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Scott Ventura >> Movie Commentary >> March 1999 >> This Is Spinal Tap

This Is Spinal Tap

Movie Commentary by Scott Ventura


Scott's Rating:
5 / 5
Times Seen:
Viewing Date:
March 1999
IMDB Name:
This Is Spinal Tap (1984)
Rob Reiner
comedy, musical
MPAA Rating:


If I rated movies on a scale of one to ten, I would be required to give this an eleven. It's not a fresh joke, but it's the right one. This Is Spinal Tap may be a fake documentary, but it plants more jokes in the audience than anything like it. The characters are surprisingly convincing, and have been maddeningly so to interviewers in real life when they show up in character and won't break! The movie documents the decline of the band, so the ending drags as the group's emotional turmoil cuts into the comedy. Of course, not all documentaries are required to be happy ones.

Improvisation At Its Finest

Spinal Tap didn't have a proper script. They knew in advance what the scene would include, but not what they'd say while it played out. This is essential to the documentary feel of the movie: what's about to happen on screen isn't already known by everyone on the screen. While this may seem like a no-brainer, it actually calls for a lot of attention on the parts of the actors. The supporting cast is populated with folks who have gone on to be famous for comedy, like Fred Willard and Fran Drescher.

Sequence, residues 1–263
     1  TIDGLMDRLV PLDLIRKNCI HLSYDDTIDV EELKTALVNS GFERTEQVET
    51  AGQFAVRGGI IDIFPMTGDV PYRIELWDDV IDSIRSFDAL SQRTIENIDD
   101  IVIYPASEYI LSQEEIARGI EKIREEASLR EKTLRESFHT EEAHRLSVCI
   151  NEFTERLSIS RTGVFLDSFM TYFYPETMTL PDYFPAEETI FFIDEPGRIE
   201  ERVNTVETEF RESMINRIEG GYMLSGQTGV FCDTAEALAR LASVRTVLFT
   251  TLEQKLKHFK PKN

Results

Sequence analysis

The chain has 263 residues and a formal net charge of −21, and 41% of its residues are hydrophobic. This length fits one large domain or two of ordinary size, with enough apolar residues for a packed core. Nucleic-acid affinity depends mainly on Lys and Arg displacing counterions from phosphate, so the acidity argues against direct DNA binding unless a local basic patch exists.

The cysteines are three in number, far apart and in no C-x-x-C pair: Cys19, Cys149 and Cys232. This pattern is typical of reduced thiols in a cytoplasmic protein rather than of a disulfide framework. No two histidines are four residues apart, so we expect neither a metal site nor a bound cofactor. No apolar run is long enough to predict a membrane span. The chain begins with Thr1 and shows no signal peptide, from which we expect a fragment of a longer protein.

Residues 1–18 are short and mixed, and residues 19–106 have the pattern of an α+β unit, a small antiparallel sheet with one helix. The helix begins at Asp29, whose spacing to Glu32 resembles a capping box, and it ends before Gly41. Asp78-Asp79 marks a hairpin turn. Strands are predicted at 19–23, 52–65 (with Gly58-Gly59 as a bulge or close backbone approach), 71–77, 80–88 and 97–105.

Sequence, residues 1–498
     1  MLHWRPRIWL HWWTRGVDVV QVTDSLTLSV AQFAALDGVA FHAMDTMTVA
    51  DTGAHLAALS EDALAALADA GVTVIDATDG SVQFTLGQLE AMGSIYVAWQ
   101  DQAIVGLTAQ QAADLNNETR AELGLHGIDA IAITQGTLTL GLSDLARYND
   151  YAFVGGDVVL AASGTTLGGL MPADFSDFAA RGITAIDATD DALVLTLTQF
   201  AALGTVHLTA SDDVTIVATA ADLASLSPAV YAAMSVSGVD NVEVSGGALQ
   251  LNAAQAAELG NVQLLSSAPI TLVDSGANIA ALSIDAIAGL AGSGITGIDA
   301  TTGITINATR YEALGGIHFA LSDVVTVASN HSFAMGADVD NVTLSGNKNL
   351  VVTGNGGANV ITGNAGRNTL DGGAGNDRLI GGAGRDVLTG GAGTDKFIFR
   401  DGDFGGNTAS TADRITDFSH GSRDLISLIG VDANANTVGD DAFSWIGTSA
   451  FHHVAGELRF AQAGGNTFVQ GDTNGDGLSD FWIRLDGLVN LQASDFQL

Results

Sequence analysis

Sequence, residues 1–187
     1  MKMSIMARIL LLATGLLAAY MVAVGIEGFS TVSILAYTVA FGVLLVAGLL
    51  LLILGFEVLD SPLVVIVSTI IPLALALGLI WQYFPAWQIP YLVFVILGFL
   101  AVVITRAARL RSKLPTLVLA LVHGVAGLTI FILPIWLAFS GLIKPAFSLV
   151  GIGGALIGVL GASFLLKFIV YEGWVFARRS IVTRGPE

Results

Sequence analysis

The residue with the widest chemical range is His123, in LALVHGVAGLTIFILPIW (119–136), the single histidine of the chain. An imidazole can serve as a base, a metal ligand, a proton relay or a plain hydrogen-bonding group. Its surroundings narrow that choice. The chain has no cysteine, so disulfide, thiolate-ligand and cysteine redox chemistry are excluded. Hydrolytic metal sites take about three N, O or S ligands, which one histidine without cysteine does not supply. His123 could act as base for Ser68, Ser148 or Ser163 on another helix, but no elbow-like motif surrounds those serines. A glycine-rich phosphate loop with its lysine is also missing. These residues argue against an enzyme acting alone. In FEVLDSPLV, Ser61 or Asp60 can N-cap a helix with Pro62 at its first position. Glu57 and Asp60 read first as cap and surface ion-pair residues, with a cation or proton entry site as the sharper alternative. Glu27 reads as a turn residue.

DVD Comments

Criterion Collection Version

Outstanding disc! When Criterion sat down to commit one of the greatest cult classics to a digital medium, CAV laserdisc originally, they didn't skimp. When they went to DVD, they dropped the price dramatically but kept all of the content. The deleted scenes, trailers, and demos are all available, only a disc flip away. There are two commentary tracks. The first has the three primaries, Michael McKean, Christopher Guest, and Harry Shearer, talking a little about locations, a little about inspirations, and more of the standard fare. The second features the behind-the-scenes folks like the director, editors, and producer. Director Rob Reiner prefaces his comments with a warning that he doesn't like overly- revealing commentaries that remove the mystique of the movie. Everybody talking manages to never say anything that defuses the movie's charm. The menus for the commentary tracks don't just pick which audio and start the movie. Instead they list the chapter stops by what is being discussed in the commentary instead of the usual chapter titles. Since the layout allows more-than-average chapters per screen, this is a nice touch.

See the IMDB information on This Is Spinal Tap's DVD.

Other Opinions

Copyright 1999-2002 by Scott Ventura. All rights reserved.